Friday, 1 February 2019

Mount Stewart Memories

On the White Stag at Mount Stewart

WILLIAM PATTERSON RECOUNTS HIS MEMORIES OF MOUNT STEWART, ANCESTRAL SEAT OF THE MARQUESS OF LONDONDERRY

I was a young man living in County Down near Greyabbey.

It was 1964 if I remember correctly, and on occasion I would meet a dark haired lady of middle years dressed as a ‘nanny’ - blue uniform and darker overcoat - and pushing a very smart ‘pram’ which contained a cherubic small boy of about 18 months with fair hair.

We got chatting on one occasion and we walked the long winding footpath together towards Mount Stewart where she explained that her charge was Lady Mairi Bury’s grandson, Charles Villiers.

Nanny Ellis holding Master Charles

Her name was Elizabeth Ellis - a Scottish lady - but I was asked to call her ‘Nanny’ like everyone else.

I was invited to her apartment in Mount Stewart to take tea and biscuits on several occasions, and it was during these visits that I met Charles’ mother, Elizabeth Villiers, and his very well known grandmother, Lady Mairi.

Lady Mairi had a rather disconcerting cool appraising stare, but she must have decided that I was suitable company as I was a welcome visitor, and got to attend a couple of her famous parties.

Billy in the Nursery

I cannot remember now at this remove most of their names, but they were the great and good of society and the arts.

The ladies were very glamorous and dripping with diamonds and the men suitably attired to match their companions.

I thought I might be very out of my depth, but I was very pleased to find them, with a few exceptions, easy to speak to and interesting to listen to.

Michael O’Duffy was a very well known Irish tenor at the time and he entertained the guests accompanied by the wonderful Duncan Morrison from Stornoway on the piano.

Duncan used to play for Rev Sydney MacEwan on many of his recordings.

I met Duncan on several different occasions at Mount Stewart and we exchanged Christmas Cards for several years after.

One character I remember from one of her parties was a gentleman of whom it was whispered had psychic powers, by name Clifford Frost.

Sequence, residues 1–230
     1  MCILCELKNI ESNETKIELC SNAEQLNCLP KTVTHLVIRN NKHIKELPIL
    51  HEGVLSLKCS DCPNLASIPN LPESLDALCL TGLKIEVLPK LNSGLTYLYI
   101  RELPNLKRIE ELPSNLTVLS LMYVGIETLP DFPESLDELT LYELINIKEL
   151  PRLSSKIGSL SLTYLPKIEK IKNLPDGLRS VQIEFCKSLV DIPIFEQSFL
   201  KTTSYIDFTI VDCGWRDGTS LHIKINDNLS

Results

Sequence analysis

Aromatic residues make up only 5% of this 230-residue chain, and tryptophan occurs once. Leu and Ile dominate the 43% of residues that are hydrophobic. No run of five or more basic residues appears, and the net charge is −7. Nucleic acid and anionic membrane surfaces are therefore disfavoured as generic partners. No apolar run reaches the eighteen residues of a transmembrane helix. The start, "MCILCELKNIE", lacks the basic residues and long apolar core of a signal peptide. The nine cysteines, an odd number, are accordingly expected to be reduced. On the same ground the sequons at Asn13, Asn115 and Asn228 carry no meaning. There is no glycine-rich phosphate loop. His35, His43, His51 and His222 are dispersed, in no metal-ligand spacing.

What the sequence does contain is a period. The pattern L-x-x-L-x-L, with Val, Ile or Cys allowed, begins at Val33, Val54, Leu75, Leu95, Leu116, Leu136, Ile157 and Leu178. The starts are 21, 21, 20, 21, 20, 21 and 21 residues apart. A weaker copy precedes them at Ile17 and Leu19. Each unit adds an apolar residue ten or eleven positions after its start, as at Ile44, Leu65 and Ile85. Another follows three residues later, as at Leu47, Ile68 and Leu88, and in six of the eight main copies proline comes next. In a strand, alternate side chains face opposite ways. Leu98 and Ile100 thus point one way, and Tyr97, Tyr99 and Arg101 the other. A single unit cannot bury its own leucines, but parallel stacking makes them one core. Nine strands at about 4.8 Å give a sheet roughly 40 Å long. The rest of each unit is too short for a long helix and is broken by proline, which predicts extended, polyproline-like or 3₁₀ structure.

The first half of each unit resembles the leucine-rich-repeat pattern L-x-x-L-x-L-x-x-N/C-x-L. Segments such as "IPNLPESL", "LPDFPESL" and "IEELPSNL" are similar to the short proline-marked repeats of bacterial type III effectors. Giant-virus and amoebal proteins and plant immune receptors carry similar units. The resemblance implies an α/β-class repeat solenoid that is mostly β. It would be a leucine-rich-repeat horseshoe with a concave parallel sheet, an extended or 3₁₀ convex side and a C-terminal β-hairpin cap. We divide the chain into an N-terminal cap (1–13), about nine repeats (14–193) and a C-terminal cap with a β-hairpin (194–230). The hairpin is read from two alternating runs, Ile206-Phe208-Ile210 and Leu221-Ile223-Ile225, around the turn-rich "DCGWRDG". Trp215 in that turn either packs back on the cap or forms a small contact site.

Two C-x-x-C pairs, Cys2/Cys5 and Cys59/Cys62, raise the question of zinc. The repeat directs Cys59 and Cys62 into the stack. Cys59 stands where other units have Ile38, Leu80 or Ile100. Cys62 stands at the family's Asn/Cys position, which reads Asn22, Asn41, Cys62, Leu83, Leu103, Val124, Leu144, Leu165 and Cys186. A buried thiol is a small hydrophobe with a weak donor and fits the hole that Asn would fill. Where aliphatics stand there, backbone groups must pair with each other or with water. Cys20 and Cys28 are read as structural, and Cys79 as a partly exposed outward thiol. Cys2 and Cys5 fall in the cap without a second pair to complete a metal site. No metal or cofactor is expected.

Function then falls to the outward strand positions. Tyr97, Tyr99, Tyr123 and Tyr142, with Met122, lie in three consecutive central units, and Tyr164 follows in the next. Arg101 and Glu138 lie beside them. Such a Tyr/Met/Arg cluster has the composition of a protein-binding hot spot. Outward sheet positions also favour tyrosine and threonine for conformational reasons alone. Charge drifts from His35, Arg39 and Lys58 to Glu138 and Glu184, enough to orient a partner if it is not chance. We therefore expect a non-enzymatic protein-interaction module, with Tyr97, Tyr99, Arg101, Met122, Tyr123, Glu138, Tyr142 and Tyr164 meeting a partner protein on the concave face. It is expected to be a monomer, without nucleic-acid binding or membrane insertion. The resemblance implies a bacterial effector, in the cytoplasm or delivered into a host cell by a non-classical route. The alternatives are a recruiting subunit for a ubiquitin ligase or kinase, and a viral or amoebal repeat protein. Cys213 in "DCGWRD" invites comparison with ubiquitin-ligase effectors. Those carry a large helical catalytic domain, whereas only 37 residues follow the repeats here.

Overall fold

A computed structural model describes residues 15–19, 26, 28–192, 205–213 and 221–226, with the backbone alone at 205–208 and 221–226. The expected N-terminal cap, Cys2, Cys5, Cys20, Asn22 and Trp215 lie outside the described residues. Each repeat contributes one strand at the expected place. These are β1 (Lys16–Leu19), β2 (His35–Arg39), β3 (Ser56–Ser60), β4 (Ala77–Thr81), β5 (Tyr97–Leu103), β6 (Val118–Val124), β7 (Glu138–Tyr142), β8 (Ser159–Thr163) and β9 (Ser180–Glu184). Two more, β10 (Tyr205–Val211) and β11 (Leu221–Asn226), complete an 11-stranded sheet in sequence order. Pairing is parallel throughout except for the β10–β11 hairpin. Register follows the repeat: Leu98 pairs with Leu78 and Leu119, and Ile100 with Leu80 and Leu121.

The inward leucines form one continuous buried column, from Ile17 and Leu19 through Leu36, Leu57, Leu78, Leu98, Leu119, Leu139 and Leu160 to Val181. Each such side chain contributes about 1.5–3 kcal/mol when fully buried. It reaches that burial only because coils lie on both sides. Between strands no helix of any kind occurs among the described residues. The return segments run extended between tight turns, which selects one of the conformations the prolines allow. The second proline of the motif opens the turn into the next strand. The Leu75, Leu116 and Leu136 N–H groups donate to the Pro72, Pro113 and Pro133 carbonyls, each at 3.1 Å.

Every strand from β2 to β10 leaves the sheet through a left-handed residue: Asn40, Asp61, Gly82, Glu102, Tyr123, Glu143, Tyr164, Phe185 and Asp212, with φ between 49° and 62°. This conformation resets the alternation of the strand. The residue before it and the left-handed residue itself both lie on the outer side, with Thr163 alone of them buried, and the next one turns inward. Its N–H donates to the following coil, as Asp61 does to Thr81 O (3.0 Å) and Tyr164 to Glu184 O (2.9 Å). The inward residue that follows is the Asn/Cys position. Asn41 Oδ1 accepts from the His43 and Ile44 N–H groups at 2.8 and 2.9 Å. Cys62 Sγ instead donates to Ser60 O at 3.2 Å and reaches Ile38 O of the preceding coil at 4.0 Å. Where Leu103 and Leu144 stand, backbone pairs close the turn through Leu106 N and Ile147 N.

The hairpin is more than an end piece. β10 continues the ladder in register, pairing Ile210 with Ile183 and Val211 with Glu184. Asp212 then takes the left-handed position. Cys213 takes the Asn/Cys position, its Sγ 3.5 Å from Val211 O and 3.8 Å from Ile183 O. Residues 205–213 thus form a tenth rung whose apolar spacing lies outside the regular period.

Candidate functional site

I was in deep conversation with someone, I can’t remember who, when he weaved his way over and asked to see my hand.

He took my proffered palm and stared at it, weaving slightly all the while as a result of the bountiful liquid refreshment on offer by our hostess, then dropped it and walked off saying “You’ll get all you want out of life”.

You know, despite the odd knock-back, he wasn’t far wrong.

When Jessie Matthews - dancer, actress, star of stage and screen and latterly on radio as Mrs Dale in Mrs Dale’s Diary, came to open a garden fête for Lady Mairi, I had the pleasure of meeting her, and on giving her a donation for her charity, I was rewarded with a hug and a kiss, and told I was a darling.

I admit to blushing, but walked around on air for the rest of the afternoon.

Billy at the Swimming-pool

There was a well concealed private swimming-pool belonging to the family on the Strangford Lough side of the road which I was kindly offered the use of, and spent many a happy day there in the company of Nanny, Charles the baby and my dog Kim and sometimes just on my own.


On one of these solitary visits I daringly removed my swimming togs and for the first time swam in the nude.

Billy & Charles at the Swimming-pool in 1965

I found it to be a wonderful experience - no clinging togs and a great feeling of being at one with nature.

On many warm summer days we walked around the beautiful gardens enjoying the flowers and shrubs, the statues, and little concealed nooks and crannies - little worlds within the larger one.


The well known composer and pianist from Stornoway, Duncan Morrison (above), in green velvet Scottish evening attire, with his sister Bella Morrison in a black dress (with a rather curious third figure present, seemingly in fancy dress with a black fur hat and a blacked face - maybe having been cast as "the Black Man" who had brought in a New Year?).

Wonderful days with lasting memories for me, and I bless the day I struck up a conversation with Nanny Ellis, who continued to be a friend for many years after she had left the employ of the family.

The memories all come back when I occasionally return to Mount Stewart as one of the many visitors, and one of the few who remember this historic house as a wonderful family home.

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